Researchers develop paintable battery: Technique could turn any surface into lithium-ion battery (w/ Video)

Jun 28, 2012
An electron microscope image of a spray-painted lithium-ion battery developed at Rice University shows its five-layer structure. Credit: Ajayan Lab/Rice University

(Phys.org) -- Researchers at Rice University have developed a lithium-ion battery that can be painted on virtually any surface.

The rechargeable created in the lab of Rice materials scientist Pulickel Ajayan consists of spray-painted layers, each representing the components in a traditional battery. The research appears today in Nature's online, open-access journal Scientific Reports.

"This means traditional packaging for batteries has given way to a much more flexible approach that allows all kinds of new design and integration possibilities for storage devices," said Ajayan, Rice's Benjamin M. and Mary Greenwood Anderson Professor in Mechanical Engineering and Materials Science and of chemistry. "There has been a lot of interest in recent times in creating power sources with an improved form factor, and this is a big step forward in that direction."

Lead author Neelam Singh, a Rice graduate student, and her team spent painstaking hours formulating, mixing and testing paints for each of the five layered components – two current collectors, a cathode, an anode and a polymer separator in the middle.

Conventional lithium-ion batteries wrap active layers into a canister or other portable container. But Rice University researchers have found a way to paint those layers onto any surface, which opens up the possibility of turning those surfaces into storage devices. Credit: Neelam Singh/Rice University

The materials were airbrushed onto ceramic bathroom tiles, flexible polymers, glass, stainless steel and even a beer stein to see how well they would bond with each substrate.

In the first experiment, nine bathroom tile-based batteries were connected in parallel. One was topped with a solar cell that converted power from a white laboratory light. When fully charged by both the solar panel and house current, the batteries alone powered a set of light-emitting diodes that spelled out "RICE" for six hours; the batteries provided a steady 2.4 volts.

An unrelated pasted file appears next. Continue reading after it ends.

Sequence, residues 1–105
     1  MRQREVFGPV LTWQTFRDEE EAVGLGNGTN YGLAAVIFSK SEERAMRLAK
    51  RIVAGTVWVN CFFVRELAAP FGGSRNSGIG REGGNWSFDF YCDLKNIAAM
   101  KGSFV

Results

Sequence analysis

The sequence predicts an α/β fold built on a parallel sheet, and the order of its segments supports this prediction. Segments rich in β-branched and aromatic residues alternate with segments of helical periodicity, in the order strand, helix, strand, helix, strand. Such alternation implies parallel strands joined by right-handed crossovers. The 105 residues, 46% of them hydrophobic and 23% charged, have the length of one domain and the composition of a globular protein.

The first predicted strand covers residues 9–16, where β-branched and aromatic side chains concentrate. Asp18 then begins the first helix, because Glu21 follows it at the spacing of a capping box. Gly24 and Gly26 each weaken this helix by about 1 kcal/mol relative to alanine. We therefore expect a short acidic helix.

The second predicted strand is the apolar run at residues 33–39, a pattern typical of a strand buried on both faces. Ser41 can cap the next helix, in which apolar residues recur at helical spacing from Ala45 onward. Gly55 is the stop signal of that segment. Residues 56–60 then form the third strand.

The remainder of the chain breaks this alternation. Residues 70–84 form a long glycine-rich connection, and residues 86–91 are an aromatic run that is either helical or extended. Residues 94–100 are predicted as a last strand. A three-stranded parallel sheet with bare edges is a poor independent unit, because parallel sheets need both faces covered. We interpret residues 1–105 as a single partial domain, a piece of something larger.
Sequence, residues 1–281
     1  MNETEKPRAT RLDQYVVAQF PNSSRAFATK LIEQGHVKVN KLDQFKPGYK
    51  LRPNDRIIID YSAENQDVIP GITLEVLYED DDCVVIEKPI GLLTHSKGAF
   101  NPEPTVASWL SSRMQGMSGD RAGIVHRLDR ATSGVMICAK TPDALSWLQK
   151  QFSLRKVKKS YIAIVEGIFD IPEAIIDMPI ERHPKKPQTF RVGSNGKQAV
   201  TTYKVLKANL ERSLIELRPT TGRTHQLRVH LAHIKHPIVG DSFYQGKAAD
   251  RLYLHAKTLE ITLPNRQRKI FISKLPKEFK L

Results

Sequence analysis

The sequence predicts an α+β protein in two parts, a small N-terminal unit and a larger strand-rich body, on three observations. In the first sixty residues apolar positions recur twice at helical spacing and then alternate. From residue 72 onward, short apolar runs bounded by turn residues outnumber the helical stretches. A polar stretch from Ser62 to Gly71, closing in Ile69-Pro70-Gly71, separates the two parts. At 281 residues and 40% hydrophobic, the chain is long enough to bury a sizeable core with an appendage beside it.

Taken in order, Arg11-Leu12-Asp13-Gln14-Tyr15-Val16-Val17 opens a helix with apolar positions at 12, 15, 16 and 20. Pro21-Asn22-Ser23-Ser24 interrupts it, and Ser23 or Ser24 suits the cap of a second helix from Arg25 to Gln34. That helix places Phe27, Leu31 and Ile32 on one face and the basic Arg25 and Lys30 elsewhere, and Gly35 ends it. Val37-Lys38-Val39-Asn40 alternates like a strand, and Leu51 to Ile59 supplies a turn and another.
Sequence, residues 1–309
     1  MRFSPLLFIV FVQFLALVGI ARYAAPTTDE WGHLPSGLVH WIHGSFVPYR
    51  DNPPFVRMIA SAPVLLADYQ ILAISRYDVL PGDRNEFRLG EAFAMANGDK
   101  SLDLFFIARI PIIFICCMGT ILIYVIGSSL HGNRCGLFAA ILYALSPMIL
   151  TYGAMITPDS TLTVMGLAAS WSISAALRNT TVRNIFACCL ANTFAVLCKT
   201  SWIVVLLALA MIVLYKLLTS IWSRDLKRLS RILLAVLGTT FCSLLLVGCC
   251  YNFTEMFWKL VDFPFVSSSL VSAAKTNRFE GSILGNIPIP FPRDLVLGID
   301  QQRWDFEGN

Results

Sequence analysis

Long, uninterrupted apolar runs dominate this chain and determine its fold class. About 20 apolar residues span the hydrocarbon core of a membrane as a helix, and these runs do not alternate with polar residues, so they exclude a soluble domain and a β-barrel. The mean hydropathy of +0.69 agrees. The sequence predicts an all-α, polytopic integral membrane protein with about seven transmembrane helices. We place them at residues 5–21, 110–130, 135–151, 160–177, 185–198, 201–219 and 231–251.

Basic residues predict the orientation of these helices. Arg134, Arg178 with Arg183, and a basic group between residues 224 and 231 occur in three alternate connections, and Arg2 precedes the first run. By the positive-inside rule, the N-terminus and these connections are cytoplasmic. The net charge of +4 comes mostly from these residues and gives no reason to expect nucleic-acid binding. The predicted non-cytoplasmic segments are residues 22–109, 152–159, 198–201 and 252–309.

A beer stein served as an able substrate for a paintable battery developed at Rice University. (Credit: Jeff Fitlow/Rice University)

The researchers reported that the hand-painted batteries were remarkably consistent in their capacities, within plus or minus 10 percent of the target. They were also put through 60 charge-discharge cycles with only a very small drop in capacity, Singh said.

Each layer is an optimized stew. The first, the positive current collector, is a mixture of purified single-wall carbon nanotubes with carbon black particles dispersed in N-methylpyrrolidone. The second is the cathode, which contains lithium cobalt oxide, carbon and ultrafine graphite (UFG) powder in a binder solution. The third is the polymer separator paint of Kynar Flex resin, PMMA and silicon dioxide dispersed in a solvent mixture. The fourth, the anode, is a mixture of lithium titanium oxide and UFG in a binder, and the final layer is the negative current collector, a commercially available conductive copper paint, diluted with ethanol.

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"The hardest part was achieving mechanical stability, and the separator played a critical role," Singh said. "We found that the nanotube and the cathode layers were sticking very well, but if the separator was not mechanically stable, they would peel off the substrate. Adding PMMA gave the right adhesion to the separator." Once painted, the tiles and other items were infused with the electrolyte and then heat-sealed and charged.